at the Columbia Bar and Grille
148 Bridge Street
Note 2013: Daddy Mims moved to the Columbia Bar and Grille location. This review was written in 2010 at the old Bridge Street location.
Chef John Mims and controversy seem to be old traveling companions. And if you happen to check the various comments floating around on the Internet, you realize that Mr. Mims' character and business endeavors have generated a host of vociferous opinions on both sides of the fence. But there is one aspect of his career upon which most appear to agree: The man can cook up a storm.
And in a community that is quickly becoming saturated with a plethoric variety of dining possibilities, the Chef's current venture, Daddy Mims, a Creole restaurant that made its debut this past March (2009), has already succeeded in turning heads and tantalizing palates. The cuisine, for the most part is well prepared and presented, the portions are generous, and the prices more than reasonable... A recipe for success in anyone's book.
To start things off, I would highly recommend the chicken andouille gumbo, a rich pottage rife with flavor and an ingratiatingly assertive hint of spice. For those with heartier appetites, the grilled sausage, aided and abetted by caramelized onions and zippy mustard, more than fills the bill.
Among the opening greeneries, the spinach and goat cheese salad gets top marks. The spinach is nicely trimmed and at the peak of good health and the dabs of goat cheese wonderfully creamy and altruistically applied. But the culinary catalyst here is a subtle but exceedingly persuasive molasses vinaigrette. A terrific starter.
The retro iceberg lettuce "Wedge," however, didn't set off the same bells and whistles. Yes, all the usual suspects were present and accounted for: bits of smoked bacon, cherry tomato halves, crumbled blue cheese, and a copious smattering of earthy blue cheese dressing. But the "wedge" itself didn't look freshly cut, the dressing had started to congeal, and the plate was inordinately gelid, indicating that the dish had probably been made up sometime in advance and tucked away in the refrigerator. A relatively minor point, I grant you... but greenery is always better (and the customer better served) when prepared to order rather than left to its own devices in the nether regions of fridge.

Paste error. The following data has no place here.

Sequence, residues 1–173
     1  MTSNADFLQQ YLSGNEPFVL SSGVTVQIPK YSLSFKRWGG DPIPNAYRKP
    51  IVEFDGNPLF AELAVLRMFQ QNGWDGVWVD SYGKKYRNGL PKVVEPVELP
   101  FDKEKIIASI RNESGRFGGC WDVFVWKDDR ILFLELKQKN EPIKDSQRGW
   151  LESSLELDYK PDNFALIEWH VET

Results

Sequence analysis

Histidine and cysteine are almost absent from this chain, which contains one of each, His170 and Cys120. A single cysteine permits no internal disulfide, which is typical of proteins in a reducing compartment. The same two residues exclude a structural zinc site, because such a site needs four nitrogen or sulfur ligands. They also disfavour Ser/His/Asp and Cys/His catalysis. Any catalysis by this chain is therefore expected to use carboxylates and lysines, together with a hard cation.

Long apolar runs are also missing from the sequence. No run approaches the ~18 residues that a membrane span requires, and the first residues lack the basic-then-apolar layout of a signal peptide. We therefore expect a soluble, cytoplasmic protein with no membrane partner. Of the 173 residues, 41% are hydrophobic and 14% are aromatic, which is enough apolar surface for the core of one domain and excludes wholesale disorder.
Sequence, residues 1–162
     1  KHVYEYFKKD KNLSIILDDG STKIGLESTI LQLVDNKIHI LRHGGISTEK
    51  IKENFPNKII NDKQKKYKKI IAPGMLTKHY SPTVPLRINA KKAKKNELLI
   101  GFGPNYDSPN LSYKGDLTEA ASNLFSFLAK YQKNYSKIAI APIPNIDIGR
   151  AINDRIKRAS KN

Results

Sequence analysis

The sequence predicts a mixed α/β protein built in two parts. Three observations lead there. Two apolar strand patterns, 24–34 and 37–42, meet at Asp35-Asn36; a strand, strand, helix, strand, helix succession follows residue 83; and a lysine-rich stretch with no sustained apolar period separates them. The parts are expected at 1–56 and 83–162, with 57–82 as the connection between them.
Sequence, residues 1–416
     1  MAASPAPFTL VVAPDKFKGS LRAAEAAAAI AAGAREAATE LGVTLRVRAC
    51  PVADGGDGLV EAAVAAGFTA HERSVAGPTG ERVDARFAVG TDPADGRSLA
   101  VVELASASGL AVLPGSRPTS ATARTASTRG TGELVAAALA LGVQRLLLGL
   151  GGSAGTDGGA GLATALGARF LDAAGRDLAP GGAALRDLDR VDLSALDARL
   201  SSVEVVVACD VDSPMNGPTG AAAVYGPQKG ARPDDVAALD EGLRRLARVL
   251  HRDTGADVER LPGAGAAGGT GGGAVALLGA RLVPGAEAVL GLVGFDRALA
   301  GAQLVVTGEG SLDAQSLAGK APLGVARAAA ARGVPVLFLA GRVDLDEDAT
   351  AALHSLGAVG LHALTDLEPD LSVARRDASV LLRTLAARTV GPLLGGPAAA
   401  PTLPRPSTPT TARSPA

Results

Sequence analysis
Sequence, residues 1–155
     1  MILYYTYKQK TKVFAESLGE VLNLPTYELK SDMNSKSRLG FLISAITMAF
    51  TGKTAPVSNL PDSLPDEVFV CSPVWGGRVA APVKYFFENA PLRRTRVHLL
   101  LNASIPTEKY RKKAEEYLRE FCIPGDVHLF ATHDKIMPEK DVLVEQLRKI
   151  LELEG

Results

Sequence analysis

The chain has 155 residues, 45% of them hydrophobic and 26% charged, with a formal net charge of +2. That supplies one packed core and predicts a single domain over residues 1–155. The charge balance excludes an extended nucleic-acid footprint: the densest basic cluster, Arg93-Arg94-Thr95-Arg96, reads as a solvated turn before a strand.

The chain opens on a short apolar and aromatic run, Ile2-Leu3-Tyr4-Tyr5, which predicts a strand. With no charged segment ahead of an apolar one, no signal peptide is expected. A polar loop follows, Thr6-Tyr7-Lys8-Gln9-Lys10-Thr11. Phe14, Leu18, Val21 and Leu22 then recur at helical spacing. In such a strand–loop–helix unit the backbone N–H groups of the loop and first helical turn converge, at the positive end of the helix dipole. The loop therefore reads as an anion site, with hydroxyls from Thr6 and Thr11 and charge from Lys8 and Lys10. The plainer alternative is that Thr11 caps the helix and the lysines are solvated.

With regard to entrées, let's begin on the positive notes... The jambalaya - incorporating duck confit, crawfish, and smoked sausage - is benchmark. And when it comes to matters piscatorial, the butter-roasted Chilean sea bass is a superlative effort. The fish is cooked through - rather than underdone, which is a common faux pas with this particular species - yet it is still exceedingly moist and flaky. It is topped with crispy coconut-coated shrimp and an impossible-to-resist mango-curry butter, which, in concert, exhibit just the proper interplay of sweetness & spice; the entire affair is then set on a flavorful seabed of ginger-basil rice.
Other main courses, however, were not quite as successful... The jumbo lump crab cake set on a pillow of sautéed spinach and crowned with still more jumbo lump crabmeat was good but not outstanding... The crust was inordinately hard, while, conversely, the interior manifested a rather peculiar, spongy consistency. A textural problem also manifested itself with regard to the pan-seared filet mignon. The accompanying red wine demi-glace was the perfect complement... ditto the truffle fries, which were nothing short of spectacular. And the meat itself was certainly tender - too tender; in point of fact, its consistency was downright mushy - an off-putting culinary oddity, to say the least.
The trout meunière was somewhat of a different story. Trout has a very distinctive taste, which I happen to enjoy. The representative in question was beautifully sautéed... but its own unique flavor characteristics were completed obliterated beneath a heavy-handed pecan crust and a reduction overwhelmed by Worcestershire sauce.
On the other hand, side dishes shine. As I noted above, the truffle fries may constitute an entirely new food group and are worth the price of admission... and the same may be said for the sweet potato fries and the extraordinarily delicious Boursin cheese grits. The sautéed spinach was also quite excellent... although garlicky enough to dissuade any vampire within reasonable commuting distance.
Desserts can be variable... and certainly not for the faint of appetite. The bourbon-spiked cinnamon bun bread pudding is absolutely top-notch. Conversely, a disc of peanut brittle surrounded by an armada of vanilla ice cream exhibited the density and chew-ability of a hockey puck. This is one denouement that should never have been allowed to escape the confines of the kitchen.
Despite a few minor faux pas - and what eatery is perfect? - Daddy Mims is a solid restaurant that deserves a visit - and revisits. The atmosphere is as comforting as the cuisine, the service is friendly and personable, and the quality/price ratio, especially since you may tote along a vintage of your own choosing, is certainly on the plus side.
The Artful Diner
Diner is an independent, freelance food writer. His latest review and an archive of past reviews for restaurants around the country and the world can be found on this site on the REVIEWS page.
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